Check Your Warranty: When your watch is having problems and it was purchased pretty recently, don’t head to a repair shop just yet. First, check your warranty to see if you qualify for a free repair. Many manufacturers offer at least a two-year warranty against defects in the movement, and in lieu of that, reputable retailers will often offer similar warranties. So always check with where you purchased the watch before seeking out a repair shop on your own — you may save yourself hundreds of dollars.

Go To The Source: If you’re out of warranty but don’t want the hassle of finding a repair shop, then you can also see if your manufacturer offers repairs. Most of the big Swiss brands will repair their own watches (though some will not service certain vintage models), but be prepared to pay for it. Much like taking your car to get repaired at a dealership over a mom & pop garage, having your watch serviced by the manufacturer is more expensive, but you are guaranteed to get the best service for your specific watch.

Crosscheck Reviews: OK, let’s say the manufacturer isn’t an option for you. In this case, it’s time to locate a worthy watch repair shop. To do so, you’re going to have to do some sleuthing. Check Yelp reviews for the best watch repair shops in your area, and then see what other review sites like Google have to say about them. But don’t trust review sites entirely. Once you’ve got your search narrowed down, check on watch forums like Watchuseek and r/Watches on Reddit — or brand-specific forums like Omega Forums or Rolex Forums — to see what their users have to say about them. The more positive references you’re able to find, the more likely that you, too, will have a positive experience.

Be Informed: Basically, know what you’re looking for and what to watch out for. Steer clear of jewelry stores and stick to watch-specific shops, as they’re going to be much better suited to help you. Make sure that the shop you’re planning on going to knows how to address your specific issue and has experience working with your watch brand and, more importantly, your watch’s movement. And finally, make sure that your repair shop has some kind of legitimate accreditation. CW21 and WOSTEP certifications are both good signs of quality work.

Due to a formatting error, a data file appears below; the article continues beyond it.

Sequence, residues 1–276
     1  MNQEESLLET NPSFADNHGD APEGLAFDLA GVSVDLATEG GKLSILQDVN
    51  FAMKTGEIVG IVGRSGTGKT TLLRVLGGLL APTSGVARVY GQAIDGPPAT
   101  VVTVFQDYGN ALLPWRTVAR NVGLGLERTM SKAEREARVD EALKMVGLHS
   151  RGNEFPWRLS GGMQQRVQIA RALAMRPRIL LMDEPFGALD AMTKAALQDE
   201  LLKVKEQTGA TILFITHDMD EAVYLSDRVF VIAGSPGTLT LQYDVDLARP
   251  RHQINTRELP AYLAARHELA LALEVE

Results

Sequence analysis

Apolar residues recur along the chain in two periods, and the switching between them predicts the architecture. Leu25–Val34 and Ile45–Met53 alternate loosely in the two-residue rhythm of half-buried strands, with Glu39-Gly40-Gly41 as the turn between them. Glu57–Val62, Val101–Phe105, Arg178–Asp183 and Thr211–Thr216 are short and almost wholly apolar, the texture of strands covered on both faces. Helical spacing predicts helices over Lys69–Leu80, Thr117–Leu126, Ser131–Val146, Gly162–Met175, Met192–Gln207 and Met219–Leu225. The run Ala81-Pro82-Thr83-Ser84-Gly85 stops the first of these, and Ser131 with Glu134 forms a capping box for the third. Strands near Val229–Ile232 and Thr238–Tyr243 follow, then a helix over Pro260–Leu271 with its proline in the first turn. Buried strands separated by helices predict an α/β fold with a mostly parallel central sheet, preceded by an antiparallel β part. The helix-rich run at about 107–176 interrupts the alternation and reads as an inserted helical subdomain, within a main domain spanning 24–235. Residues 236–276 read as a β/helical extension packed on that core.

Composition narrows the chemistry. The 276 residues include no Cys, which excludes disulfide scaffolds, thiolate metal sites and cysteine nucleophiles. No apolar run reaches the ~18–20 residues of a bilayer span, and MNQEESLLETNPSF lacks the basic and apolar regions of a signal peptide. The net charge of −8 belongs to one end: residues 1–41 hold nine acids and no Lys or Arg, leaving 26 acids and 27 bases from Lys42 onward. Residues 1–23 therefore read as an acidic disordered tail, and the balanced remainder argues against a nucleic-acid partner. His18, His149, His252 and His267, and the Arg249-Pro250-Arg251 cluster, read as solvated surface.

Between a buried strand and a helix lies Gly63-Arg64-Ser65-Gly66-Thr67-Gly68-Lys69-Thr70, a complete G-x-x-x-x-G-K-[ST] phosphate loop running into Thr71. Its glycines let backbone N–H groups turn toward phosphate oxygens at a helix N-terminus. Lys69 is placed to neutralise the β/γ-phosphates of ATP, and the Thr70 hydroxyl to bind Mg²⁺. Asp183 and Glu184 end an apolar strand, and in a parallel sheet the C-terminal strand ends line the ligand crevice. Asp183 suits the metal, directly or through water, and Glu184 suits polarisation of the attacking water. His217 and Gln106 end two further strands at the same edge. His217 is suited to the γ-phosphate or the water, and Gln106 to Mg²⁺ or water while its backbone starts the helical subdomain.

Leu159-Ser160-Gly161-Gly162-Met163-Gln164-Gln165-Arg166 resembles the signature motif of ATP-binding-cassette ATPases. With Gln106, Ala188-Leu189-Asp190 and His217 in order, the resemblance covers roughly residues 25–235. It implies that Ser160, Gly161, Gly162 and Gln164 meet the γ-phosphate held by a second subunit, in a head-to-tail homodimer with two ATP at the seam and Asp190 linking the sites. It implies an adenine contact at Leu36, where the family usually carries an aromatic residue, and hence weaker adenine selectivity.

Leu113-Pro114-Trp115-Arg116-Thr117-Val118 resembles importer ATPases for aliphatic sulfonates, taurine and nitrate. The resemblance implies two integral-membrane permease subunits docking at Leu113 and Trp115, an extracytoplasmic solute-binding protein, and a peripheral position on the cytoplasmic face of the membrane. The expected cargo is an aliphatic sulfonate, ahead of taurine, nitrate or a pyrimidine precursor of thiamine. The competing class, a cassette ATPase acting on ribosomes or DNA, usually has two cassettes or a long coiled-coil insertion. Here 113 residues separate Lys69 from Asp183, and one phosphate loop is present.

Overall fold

What To Expect

Don’t Get Caught By Surprise

Cost: Mechanical watch repairs can cost a lot of money, with full services almost never costing fewer than a couple hundred dollars — at least not any worth purchasing. In most cases, you’re easily going to pay over $200 to service an average modern watch, with vintage or complicated watches fetching hundreds of dollars more. And again, manufacturer services will be even more expensive. For example, Omega’s full-service prices start at $500 for a standard mechanical watch.

Time: When a watch requires a full-service, it’s a big operation. Watch movements can consist of hundreds of tiny parts, and taking them apart, cleaning them, and getting them all back together and working properly again takes a lot of time. This process can often take weeks, or sometimes even months — the latter especially being true if, you guessed it, you send your watch to the manufacturer for repair.

Inconvenience: If you don’t live in a large city — and many times, even if you do — you need to get used to the idea that the right watch repair shop for you may not be local. Whether you decide to go the manufacturer route or you find the perfect repair shop on a forum that’s on the other side of the country, you’ll need to be prepared to send your watch away. This means packing it well, heading to the post office, and not skimping out when it comes to package insurance. But don’t worry. Once you get your watch back and working perfectly, it’ll all have been worth it.

The 12 Toughest Watches On The Planet

If all of this talk about expensive watch repairs has you spooked, then you may be interested in seeking out a tough-as-nails timepiece that will hold up better than most. And for that, you’ll want to consult our guide to the toughest watches on the planet.